On the other, there people are dealing with depression and loss and are trying to avoid stories about suicides. Or have dealt with miscarriages and find it upsetting to read about them.

Since we’re talking about books, and the characters being traumatized are usually the main characters — we typically get to watch them work through their trauma, grow and manage to move past it. (Or, become Batman.) And seeing that healing can be good for people.

However – dealing with that can be exhausting, especially with a good writer and an immersive story.

Especially in genre fiction, people are looking for escape from the real world. And there’s plenty of books that offer that without triggering content — if the reader knows where to look.

Clearly, one cannot give a trigger warning about everything that might be traumatic to anyone. But, some are some triggers implicit in certain genres – like suspense, or thrillers, or military fiction.

Personally, I think there are ways of writing blurbs that can hint at the content within. We already rate these things for movies.

When books are used in schools, they often have themes listed, I think we should be able to do that.

Mine would probably be something like: “This book deals with themes of: religion, magic, suicide ideation, violence, and the killing of both humans and animals.” Then again, I’m mostly writing young adult, so letting libraries and teachers know can help them know if my book is right for their freshman class, or if they should save it for their seniors.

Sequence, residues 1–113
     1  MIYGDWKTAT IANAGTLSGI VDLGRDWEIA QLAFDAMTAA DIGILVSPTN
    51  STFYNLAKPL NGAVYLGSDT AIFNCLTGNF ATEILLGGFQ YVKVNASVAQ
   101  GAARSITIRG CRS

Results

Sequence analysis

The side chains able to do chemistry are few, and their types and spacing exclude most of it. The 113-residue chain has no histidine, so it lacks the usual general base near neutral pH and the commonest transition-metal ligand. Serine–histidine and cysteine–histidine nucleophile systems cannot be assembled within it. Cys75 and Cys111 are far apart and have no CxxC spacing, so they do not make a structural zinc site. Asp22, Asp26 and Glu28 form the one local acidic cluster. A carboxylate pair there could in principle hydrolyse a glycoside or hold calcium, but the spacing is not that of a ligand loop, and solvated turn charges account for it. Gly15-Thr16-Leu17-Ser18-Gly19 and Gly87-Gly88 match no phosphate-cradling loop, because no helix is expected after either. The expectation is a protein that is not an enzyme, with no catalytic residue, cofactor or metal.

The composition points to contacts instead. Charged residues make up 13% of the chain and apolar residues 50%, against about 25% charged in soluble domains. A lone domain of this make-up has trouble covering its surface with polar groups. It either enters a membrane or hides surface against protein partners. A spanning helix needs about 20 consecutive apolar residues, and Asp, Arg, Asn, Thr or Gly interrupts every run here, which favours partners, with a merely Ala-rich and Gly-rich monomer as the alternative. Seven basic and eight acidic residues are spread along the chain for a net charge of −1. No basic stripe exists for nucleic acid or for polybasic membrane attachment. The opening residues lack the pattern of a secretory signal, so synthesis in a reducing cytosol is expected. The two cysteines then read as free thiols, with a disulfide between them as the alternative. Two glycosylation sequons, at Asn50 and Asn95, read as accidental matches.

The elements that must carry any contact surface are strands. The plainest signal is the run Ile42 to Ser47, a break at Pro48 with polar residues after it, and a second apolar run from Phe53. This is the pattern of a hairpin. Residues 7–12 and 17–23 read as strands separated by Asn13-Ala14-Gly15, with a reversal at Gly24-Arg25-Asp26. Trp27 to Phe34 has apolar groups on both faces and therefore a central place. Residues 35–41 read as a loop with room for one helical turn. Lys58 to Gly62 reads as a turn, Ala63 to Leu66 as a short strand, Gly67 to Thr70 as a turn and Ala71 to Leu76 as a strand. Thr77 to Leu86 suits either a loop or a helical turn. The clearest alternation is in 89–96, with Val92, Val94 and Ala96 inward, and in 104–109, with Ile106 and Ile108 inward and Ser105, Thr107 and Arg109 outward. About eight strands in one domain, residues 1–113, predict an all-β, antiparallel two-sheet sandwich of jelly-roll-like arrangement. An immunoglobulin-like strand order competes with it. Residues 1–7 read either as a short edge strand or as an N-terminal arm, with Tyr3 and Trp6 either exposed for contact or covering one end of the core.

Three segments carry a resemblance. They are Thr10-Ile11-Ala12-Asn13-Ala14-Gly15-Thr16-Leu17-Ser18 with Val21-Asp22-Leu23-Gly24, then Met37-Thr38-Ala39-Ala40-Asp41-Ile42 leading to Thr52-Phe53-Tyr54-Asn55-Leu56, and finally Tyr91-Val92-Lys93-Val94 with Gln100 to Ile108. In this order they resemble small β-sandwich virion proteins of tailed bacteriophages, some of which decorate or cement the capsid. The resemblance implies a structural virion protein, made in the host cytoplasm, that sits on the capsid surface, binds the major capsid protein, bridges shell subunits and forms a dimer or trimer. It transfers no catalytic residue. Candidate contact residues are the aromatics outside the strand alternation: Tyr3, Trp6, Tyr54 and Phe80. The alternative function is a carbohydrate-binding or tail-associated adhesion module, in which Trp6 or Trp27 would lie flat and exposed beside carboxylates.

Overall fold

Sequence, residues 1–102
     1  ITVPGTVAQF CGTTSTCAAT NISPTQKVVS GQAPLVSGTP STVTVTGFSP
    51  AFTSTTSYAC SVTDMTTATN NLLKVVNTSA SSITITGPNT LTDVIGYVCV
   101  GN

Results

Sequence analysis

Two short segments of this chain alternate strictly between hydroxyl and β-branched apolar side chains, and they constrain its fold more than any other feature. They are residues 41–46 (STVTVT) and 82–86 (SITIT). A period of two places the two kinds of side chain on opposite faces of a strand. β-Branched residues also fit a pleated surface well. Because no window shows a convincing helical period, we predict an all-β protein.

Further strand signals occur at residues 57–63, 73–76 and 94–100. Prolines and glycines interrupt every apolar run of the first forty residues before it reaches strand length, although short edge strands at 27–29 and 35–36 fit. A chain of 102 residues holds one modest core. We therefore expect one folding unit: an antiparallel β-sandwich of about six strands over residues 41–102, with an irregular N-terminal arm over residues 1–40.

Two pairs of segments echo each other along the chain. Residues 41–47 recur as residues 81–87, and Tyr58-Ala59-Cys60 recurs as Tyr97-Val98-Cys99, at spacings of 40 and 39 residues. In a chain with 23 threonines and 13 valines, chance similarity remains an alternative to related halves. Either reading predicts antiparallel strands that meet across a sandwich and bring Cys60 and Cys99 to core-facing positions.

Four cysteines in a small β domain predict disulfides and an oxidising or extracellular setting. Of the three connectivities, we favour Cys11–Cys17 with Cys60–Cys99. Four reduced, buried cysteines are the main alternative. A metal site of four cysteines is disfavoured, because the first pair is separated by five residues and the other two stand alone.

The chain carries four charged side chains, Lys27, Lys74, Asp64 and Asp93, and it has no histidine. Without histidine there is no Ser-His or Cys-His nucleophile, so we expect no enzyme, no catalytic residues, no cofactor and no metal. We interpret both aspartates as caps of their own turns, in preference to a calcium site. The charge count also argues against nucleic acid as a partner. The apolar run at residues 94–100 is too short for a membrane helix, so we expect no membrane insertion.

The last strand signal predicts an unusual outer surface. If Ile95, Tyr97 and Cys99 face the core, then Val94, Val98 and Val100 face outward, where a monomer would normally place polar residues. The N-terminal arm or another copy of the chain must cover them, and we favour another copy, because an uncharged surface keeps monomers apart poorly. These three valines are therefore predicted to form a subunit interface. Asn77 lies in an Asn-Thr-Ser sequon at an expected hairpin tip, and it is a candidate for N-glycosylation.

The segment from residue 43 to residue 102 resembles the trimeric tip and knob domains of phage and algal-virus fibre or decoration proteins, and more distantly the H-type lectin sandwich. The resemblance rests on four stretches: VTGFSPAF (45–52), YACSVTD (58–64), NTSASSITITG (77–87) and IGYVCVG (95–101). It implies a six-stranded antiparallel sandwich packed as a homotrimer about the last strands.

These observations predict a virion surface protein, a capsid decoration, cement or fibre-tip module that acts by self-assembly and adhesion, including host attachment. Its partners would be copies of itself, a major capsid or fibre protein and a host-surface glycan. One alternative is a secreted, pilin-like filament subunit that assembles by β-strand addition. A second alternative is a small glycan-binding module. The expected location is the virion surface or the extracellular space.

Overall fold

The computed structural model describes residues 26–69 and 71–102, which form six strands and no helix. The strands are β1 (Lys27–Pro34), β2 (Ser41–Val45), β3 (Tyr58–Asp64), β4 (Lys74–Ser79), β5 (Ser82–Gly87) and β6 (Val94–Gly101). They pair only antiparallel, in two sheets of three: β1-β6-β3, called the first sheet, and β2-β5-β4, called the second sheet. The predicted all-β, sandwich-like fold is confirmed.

Clearly, everyone is entitled to their own opinion. This one is mine.

Compounding Traumas

Once you’ve decided that your story should include traumatic events, you need to look at who you’re traumatizing.

This is obviously not always the case, but very often, when you look at which characters are being traumatized in books, you can see a pattern. It’s not usually the man in authority. It’s the woman. The person of color. The lgbtqa character.

Is this due to cultural biases about who can be traumatized? Maybe. It’s impossible to know.

There are obvious exemptions from this: look at Iron Man and his phobias.

But, if you’re traumatizing women, people of color, non-cis het characters in order to motivate your main character? You’ve fallen into what is known as the “fridging” trope — named after a Green Lantern comic where his girlfriend was killed and shoved in a fridge just to motivate him.